NAUGATUCK — The only thing remotely close between 17th-district opponents Joseph Crisco and Tamath Rossi at Tuesday night’s Candidates’ Forum were the chairs they were sitting in.
Crisco, the incumbent state senator in the 17th District, and Deputy Mayor Rossi, the Republican challenger, disagreed on nearly every issue discussed at the forum.
The two candidates sat side by side, often giving their answers one after the other. Their close proximity did not compel similar responses.
The major state-wide issues discussed were binding arbitration, term limits, unfunded mandates, manufacturing and fiscal issues.
Rossi feels binding arbitration has had a deep and devastating effect on local municipalities.
“It has tied our hands as local representatives as being able to achieve reasonable settlements,” Rossi said. “I don’t think that it has worked. I’d like to see a two-year moratorium put on it so it can be reviewed.”
Crisco declared his support for binding arbitration, saying that if you have the right people in office there’s no reason things should not get done correctly.
“If you have people who come to the table and arbitrate in good faith, you should be able to come to a resolution,” Crisco said. “It’s easy to say that it hasn’t worked, but I think if you look historically at the district and the state it helps the workers of the state.”
Crisco does not oppose the current term limits. The senator of 18 years said he places a lot of value in experience.
“As far as I’m concerned, we have a two-year return limit,” Crisco said. “If you’re not doing your job, if you’re not representing your district, then the people will not return you to office.”
Rossi advocates a 12-year term limit for local, state and federal positions. She feels this period would be a good amount of time to for officials to get acclimated and be strong advocates for constituent voters.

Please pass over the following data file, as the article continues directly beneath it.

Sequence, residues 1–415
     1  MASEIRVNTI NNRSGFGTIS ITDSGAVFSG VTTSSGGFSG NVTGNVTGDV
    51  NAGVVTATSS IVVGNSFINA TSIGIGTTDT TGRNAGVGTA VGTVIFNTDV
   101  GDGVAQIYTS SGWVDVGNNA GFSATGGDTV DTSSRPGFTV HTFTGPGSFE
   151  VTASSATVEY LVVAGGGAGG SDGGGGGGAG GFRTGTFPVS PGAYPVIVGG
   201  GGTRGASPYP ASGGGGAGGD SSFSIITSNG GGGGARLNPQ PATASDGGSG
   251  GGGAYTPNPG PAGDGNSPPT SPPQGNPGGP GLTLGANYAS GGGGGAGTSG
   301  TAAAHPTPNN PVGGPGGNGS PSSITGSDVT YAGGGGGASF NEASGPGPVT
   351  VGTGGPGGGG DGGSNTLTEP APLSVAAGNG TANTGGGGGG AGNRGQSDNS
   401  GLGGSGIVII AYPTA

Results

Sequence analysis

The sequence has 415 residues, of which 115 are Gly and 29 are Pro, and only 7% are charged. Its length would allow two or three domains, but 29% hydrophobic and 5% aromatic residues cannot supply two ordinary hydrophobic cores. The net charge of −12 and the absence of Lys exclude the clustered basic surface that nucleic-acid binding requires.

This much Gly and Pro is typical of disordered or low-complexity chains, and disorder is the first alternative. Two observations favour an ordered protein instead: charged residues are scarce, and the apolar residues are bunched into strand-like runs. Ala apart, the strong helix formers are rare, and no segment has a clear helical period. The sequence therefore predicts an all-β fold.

“As long as you have fresh ideas coming to the table and around the table, you can continue to move forward,” Rossi said. “I believe very strongly in 12-year term limits.”
Rossi declared herself as a staunch opponent of unfunded state mandates, saying such measures have crippled Naugatuck and other municipalities.
“Part of the feeling is people think that we’re doing something; we’re being efficient up in Hartford,” Rossi said. “There’s no thought given to this decision-making to mandate something. In essence, it then cripples the municipality and passes on to the taxpayer.”
Crisco defended the state, saying sometimes the state finds itself with its hands tied when it comes to mandates.
“Sometimes the state doesn’t have a choice in implementing unfunded mandates because there is a federal mandate put on the state to implement laws,” Crisco said.
Crisco said the manufacturing industry’s exodus from Connecticut is not a state problem, but rather a national problem
“Manufacturing has left the country because of the prices in China and other places,” Crisco said. “Technology has changed, but we should do anything we can to get manufacturing back.”
Rossi strongly disagreed with Crisco, saying the state has lost manufacturing to other states, not other countries. She referenced the Hershey Company, which decided to leave Naugatuck for another state.
“We are business-unfriendly in this state,” Rossi said. “We’re not doing enough. People aren’t leaving the country, they’re leaving the state.”
Rossi touched on public education, public safety, public health and public transportation as focus points in a debate over fiscal responsibility.
“Taxes are too high and spending is out of control; we need to start to have legislators that we can have accountable for job losses and devastating taxes,” Rossi said.
Crisco acknowledged his part in bringing a spending cap to Connecticut years ago, and harped on what he perceived as successes in 2010.
“We were very fortunate in 2010 to develop a surplus that saved us $120 million,” Crisco said. “We have to balance the budget.We have to look at everything, put everything on the table, and you can’t spend more than you have.”